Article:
Religion When God has Left the Building

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Religion When God has Left the Building

Today I read an article about John McCain’s attempt to make amends with evangelicals. Two mega-church, televangelist pastors were named: Rev. Rod Parsley in Ohio and John Hagee (pictured on the right) in San Antonio Texas.

That the media and politicians alike continue to fail to make any distinctions between fundamentalists, televangelists and evangelicals is not a surprise but is ignorant and inexcusable.

Fundamentalists share in common a feisty, combative nature. Their black and white view of the world combined with their militancy lends itself to provocative comments and the demonization of those who disagree with them.

The early “evangelicals” like Billy Graham, Harold John Ockenga and Carl Henry sought a more reasoned bridging of faith & culture.

Fundamentalists are bridge burners and Hagee and Parsley fit the mold perfectly. Parsley rants about Islam and refers to Europe as the “godless pit.” Hagee has called Roman Catholicism “the great whore” and a “false cult system” and once claimed Hurricane Katrina was God’s punishment for a gay rights parade in New Orleans.

In a free country people are allowed their opinions and can express them in any manner they choose. But the sloppy journalism that continues to label hostile talkers like Parsley and Haggee as evangelicals is disconcerting to those who value the conciliatory spirit and thoughtfulness that gave birth to the evangelical movement and led to it’s split from fundamentalism in the first place.

A lot of mega-churches remind me of a comment I once heard about Roman architecture, “failing to make it beautiful they made it big!”

With many people Hagee’s megachurch scores bonus points because of its bigness–with 19,000 active members it registers with political pollsters and marketers alike, who tend to think of big as good.

That big is not necessarily good or true or beautiful is a fact that Hagee seems not to understand based on one very troubling comment he made about Barack Obama and “the ministry.”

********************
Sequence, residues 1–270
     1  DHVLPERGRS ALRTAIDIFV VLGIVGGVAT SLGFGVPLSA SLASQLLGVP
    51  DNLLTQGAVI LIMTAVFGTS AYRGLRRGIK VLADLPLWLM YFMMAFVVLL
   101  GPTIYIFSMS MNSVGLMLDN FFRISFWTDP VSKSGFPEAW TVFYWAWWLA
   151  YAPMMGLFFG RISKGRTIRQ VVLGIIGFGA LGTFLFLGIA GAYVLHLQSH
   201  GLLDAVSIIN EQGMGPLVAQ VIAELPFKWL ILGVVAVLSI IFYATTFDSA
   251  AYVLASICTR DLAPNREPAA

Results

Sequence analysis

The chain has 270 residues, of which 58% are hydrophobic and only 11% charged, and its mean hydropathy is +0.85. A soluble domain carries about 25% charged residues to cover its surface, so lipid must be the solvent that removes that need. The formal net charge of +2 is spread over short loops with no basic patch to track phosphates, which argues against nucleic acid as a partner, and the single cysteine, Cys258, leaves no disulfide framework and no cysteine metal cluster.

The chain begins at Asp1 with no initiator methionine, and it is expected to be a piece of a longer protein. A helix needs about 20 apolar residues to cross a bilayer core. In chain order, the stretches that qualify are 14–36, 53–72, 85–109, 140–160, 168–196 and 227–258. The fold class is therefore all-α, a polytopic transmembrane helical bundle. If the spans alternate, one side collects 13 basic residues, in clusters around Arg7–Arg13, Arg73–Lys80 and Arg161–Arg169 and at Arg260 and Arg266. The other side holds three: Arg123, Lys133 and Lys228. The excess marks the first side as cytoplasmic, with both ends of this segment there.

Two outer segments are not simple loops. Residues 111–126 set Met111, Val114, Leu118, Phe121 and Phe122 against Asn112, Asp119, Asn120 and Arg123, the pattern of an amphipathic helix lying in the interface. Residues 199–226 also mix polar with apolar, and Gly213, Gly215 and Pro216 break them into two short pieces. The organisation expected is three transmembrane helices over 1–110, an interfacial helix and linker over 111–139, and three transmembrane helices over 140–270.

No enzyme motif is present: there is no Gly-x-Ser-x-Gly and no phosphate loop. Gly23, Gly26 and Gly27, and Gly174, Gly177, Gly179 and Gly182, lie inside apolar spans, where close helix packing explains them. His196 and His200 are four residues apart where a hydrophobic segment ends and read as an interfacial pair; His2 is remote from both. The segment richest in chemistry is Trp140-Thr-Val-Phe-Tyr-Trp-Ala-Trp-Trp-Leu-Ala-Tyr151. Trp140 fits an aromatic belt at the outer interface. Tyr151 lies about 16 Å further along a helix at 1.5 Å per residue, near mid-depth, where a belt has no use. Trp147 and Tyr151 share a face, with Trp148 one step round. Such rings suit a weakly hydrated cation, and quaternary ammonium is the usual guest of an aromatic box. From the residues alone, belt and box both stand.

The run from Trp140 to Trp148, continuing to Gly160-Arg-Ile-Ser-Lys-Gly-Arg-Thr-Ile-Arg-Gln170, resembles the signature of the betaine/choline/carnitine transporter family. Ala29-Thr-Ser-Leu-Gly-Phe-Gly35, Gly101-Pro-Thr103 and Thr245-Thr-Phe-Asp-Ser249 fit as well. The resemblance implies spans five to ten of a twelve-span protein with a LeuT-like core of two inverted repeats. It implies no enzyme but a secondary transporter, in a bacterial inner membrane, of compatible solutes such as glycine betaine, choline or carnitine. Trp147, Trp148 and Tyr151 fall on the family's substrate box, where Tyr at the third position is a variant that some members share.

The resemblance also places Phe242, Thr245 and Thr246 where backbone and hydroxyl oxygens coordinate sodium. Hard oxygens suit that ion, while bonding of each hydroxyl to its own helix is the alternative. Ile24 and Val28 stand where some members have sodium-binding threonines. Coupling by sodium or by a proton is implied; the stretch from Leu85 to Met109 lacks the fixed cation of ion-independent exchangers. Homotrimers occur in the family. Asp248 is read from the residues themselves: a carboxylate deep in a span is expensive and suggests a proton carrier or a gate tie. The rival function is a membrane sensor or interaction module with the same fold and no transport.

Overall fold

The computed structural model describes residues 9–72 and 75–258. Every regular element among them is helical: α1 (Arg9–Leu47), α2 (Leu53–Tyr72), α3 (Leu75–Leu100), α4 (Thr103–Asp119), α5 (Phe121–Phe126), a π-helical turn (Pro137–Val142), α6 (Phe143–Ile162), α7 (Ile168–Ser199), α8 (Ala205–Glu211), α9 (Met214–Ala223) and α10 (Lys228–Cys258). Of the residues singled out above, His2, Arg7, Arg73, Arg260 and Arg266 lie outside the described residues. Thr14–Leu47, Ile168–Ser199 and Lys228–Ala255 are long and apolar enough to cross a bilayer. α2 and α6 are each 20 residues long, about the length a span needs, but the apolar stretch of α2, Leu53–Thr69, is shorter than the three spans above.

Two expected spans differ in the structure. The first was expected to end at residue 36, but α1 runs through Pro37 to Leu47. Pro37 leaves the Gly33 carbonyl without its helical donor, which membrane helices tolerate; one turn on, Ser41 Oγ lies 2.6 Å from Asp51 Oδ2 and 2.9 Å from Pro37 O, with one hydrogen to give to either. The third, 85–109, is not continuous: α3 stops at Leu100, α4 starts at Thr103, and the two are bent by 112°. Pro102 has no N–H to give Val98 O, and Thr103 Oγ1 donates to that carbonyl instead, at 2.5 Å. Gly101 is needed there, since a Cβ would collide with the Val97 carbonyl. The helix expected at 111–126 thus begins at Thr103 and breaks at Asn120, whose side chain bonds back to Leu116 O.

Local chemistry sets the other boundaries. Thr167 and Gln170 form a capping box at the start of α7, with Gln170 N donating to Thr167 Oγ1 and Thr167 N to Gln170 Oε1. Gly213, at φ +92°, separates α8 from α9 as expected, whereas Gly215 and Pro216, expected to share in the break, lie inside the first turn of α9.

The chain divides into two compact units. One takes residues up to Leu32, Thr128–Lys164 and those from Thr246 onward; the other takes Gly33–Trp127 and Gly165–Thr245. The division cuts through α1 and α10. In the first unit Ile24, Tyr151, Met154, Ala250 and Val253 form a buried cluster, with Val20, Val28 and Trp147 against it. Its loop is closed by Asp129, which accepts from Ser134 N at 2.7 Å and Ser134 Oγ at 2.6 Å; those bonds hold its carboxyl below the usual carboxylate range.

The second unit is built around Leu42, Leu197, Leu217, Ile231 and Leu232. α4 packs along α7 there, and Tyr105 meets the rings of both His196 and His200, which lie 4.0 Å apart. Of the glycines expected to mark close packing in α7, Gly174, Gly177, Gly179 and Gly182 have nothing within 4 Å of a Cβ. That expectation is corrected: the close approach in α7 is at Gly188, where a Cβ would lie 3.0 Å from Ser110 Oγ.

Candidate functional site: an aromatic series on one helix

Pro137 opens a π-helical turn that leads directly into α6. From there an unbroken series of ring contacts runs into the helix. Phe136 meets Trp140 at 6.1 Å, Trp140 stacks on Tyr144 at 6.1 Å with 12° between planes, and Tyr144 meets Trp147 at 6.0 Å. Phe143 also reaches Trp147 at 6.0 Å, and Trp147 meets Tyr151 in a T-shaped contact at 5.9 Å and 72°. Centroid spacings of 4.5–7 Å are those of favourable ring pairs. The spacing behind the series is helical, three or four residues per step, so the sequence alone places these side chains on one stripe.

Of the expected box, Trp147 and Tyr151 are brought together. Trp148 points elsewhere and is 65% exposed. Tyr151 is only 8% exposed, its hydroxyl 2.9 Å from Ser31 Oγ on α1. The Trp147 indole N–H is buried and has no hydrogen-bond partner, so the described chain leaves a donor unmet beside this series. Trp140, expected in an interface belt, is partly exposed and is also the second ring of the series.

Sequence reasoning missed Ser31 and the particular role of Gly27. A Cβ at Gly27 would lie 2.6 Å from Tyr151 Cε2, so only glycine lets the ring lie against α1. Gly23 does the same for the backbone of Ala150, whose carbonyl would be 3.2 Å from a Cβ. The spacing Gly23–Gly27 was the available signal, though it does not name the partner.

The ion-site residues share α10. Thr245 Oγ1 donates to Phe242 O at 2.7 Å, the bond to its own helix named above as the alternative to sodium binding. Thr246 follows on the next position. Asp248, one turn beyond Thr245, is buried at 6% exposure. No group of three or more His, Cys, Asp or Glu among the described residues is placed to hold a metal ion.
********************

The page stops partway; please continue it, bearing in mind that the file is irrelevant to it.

When asked about Barack Obama’s oratorical skills Hagee said, “He is going to be difficult to beat, because the man is a master of communication. If he were in the ministry, he would make it in the major leagues overnight.”

That Haggee thinks of ministry in terms of major leagues and minor leagues (and himself as a big shot in the major leagues) may be very Texan and American, but it seems a bit uncharacteristic of the life, work and teaching of Jesus.

The statement reeks of the kind of pride Jesus warns, “comes before the fall.”

Furthermore, with a mere 12 disciples Jesus evidently was not in the major leagues. As a matter of fact Jesus warned against confusing big numbers with spiritual progress. “Enter through the narrow gate. For wide is the gate and broad is the road that leads to destruction, and many enter through it. But small is the gate and narrow the road that leads to life, and only a few find it.”

I am among those who think American Christianity’s penchant for bigness and a minor league/major league mentality is one of the reasons it has been accurately described as “3,000 miles wide and an inch deep.”

But lest my pride precede my fall, let me confess that though I spot these specks in Hagee’s eye it is likely I have a beam or beams in my own.

All Christians–fundamentalists, televangelists, evangelicals, mainline Protestant, Orthodox and Catholics ought to think about what BONO once said, “I’m a believer, but sometimes I think religion is when God, like Elvis, has left the building. When God has left the building you get religion. But when God is in the house, you get something else.”

Yours for the pursuit of God in the company of friends, Dick Staub.

PS. And remember, “these are the best of times and the worst of times, but they are the only times we have.” (For Now).

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    Posted in Staublog in March 24, 2008 by | No Comments »

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